Highest Leadership Imperative – Part 1

by Clyde C. Lowstuter

One word – Feedback.

The giving and receiving of constructive feedback is the most important role that a leader has. In order to achieve an optimal performance out of ourselves, as well as our team, leaders need to provide feedback in such a manner as to elicit clear and immediate change. This can only happen if feedback in your organization is seen as a gift and not a burdensome duty. To do it well –you need a blend of head, heart, and guts.

Best intentions, notwithstanding, feedback feels like negative criticism most of the time. Rather than being open and receptive, we often quickly become defensive and entrenched in our own position. Let’s face it – giving and receiving feedback is rarely performed or received well.

Business Team LookingBefore giving or receiving feedback it is important to remember that feedback is a mindset and trust is a key component. If you trust that the person giving you feedback is highly supportive and is a champion for your future success, then your mental and emotional state would be more one of positive expectancy, not guarded and defensive.


  1. Create a culture of feedback in an open atmosphere of learning and improvement. One way to begin is by being the feedback role model. Ask for feedback from your direct reports: “What might I do differently to achieve even greater results?” or “What more can I do to bring out the most in our team?”
  2. Have a dialogue – not a monologue. Ask for input. After you discuss your report’s successes, strengths, and developmental needs, request her insights and recommendations. Come up with a plan for growth together.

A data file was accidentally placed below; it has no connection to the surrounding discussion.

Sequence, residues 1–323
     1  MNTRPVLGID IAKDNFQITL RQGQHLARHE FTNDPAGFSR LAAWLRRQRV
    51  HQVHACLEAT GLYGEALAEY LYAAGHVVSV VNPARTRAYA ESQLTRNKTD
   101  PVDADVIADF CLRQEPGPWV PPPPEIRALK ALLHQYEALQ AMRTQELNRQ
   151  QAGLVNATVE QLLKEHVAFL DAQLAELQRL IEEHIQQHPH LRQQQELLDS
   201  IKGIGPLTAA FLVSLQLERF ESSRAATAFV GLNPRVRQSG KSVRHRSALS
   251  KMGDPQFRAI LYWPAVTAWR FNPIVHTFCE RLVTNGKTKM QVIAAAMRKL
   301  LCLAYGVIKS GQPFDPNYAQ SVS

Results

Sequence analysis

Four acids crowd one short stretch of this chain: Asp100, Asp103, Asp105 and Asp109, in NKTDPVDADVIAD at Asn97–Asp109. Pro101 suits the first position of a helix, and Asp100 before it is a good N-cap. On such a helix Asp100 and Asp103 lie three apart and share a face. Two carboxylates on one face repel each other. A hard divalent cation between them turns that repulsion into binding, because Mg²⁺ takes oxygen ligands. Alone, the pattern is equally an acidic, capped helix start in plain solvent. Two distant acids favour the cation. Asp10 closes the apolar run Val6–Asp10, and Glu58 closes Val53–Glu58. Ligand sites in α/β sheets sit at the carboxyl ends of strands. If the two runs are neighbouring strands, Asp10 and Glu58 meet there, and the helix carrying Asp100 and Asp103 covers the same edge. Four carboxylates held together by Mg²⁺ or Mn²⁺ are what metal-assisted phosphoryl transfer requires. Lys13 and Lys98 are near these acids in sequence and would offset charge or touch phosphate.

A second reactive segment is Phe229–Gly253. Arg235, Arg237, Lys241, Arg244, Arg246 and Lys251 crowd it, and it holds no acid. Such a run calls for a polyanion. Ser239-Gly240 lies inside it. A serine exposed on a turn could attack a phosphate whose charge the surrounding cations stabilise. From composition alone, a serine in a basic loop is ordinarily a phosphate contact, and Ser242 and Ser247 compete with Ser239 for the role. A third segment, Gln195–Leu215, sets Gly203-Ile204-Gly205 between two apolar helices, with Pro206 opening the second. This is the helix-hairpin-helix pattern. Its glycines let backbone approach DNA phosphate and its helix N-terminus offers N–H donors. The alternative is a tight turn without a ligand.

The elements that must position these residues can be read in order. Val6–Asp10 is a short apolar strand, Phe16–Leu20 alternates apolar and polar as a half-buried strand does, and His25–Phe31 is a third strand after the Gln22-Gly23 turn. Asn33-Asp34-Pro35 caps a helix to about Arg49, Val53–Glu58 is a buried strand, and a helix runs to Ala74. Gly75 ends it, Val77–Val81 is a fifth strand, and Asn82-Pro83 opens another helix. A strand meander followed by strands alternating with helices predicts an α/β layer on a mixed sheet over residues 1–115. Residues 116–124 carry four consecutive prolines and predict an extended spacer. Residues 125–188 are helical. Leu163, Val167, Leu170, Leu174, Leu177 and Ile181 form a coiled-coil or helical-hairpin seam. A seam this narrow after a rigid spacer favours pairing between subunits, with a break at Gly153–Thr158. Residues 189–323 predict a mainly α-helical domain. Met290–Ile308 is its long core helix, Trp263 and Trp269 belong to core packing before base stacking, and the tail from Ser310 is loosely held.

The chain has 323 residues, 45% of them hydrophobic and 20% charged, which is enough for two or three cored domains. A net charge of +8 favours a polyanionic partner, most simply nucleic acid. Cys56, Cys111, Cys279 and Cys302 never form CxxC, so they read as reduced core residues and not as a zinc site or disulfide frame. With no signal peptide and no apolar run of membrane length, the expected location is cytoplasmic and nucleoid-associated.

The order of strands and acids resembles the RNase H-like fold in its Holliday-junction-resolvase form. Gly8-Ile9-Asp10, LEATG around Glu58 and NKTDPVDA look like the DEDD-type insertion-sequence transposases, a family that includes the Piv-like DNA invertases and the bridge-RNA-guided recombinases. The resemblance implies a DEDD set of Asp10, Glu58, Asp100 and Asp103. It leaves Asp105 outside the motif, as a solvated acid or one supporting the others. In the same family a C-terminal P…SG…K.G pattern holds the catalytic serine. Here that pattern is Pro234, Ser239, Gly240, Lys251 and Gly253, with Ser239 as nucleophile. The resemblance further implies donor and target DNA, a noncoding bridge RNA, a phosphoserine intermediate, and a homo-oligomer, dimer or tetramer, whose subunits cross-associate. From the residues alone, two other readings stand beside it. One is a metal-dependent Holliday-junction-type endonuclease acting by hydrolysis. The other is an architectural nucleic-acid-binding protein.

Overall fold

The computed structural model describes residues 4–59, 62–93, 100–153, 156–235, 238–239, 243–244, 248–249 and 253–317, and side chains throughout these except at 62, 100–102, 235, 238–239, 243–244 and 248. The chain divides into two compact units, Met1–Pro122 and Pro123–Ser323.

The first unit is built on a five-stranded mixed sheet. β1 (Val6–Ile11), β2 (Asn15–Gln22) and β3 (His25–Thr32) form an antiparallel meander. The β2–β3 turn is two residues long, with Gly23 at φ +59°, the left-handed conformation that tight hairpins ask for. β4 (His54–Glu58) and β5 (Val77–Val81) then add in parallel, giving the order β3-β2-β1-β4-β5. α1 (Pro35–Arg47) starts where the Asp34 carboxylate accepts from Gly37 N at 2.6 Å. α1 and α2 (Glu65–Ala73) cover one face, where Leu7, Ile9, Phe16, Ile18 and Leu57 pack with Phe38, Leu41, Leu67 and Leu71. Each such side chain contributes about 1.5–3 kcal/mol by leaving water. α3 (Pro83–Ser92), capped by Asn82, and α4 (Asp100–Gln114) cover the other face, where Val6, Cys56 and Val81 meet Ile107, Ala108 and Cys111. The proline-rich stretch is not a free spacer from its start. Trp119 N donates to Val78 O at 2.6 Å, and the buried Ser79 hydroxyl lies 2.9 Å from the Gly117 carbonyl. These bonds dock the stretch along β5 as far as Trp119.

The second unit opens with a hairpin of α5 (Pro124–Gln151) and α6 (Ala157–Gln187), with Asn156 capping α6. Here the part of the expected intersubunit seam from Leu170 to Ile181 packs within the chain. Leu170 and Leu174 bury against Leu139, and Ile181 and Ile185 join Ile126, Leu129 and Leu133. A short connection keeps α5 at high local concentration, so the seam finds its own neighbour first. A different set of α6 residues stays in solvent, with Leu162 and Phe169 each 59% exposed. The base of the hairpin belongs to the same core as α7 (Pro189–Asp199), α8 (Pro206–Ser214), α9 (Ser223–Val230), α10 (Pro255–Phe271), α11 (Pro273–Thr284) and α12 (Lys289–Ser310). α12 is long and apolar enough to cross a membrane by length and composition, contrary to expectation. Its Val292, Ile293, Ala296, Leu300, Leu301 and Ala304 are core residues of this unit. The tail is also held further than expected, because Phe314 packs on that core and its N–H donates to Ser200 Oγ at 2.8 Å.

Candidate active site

3.  Learn to read others’ body language to be aware of how your actions and communications land with others. If you see that your feedback is being taken poorly – stop – claim accountability for causing defensiveness in her and refocus the conversation. Say something like: “I’m sorry. You can see that I am passionate about this issue; I may have said that in a tone that came across more harshly than I intended. Let me say it differently.”
  4. Don’t be emotional. If you are highly upset you run the risk of saying things that might irreversibly damage the relationship and crush the spirit of the other person. Evaluate if the “offense” is cause for immediate termination or if it is a situation that can be “fixed” and not done again. Take a deep breath. Calmly discuss the incident and ask, “What’s the learning and what can you and I do to ensure this never happens again?”
  5. To provide constructive feedback that is supportive, practical, and immediately applicable you need to be clear in your expectations, including your commitment to her success. The issue may be less about this person’s error in judgment and more about your lack of clarity about performance expectations. Be authentic and vulnerable, while taking accountability for your own actions. Sometimes, the best way to begin is by acknowledging, “Mea culpa, I did you a disservice in not being more clear…”
  6. Conversely, if a person’s performance or behavior continues to slip after feedback, it is critical that you determine if the issue is Attitude (the person is unwilling to do the work) or Competency (she is unable, as she is in way over her head and does not have the intellectual bandwidth or agility, or experience to succeed). Once you have determined this, discuss your expectations and explore possibilities – further education and training or alternative roles, inside or outside of the company.

Best of luck providing constructive feedback in a manner that enhances performance, trust, and commitments.

I’d love to hear about some of the strategies that you’ve employed that have been highly successful, as well as those approaches that have blown up . . . and what you’ve learned.

Next time, look for Part II – Receiving Feedback…


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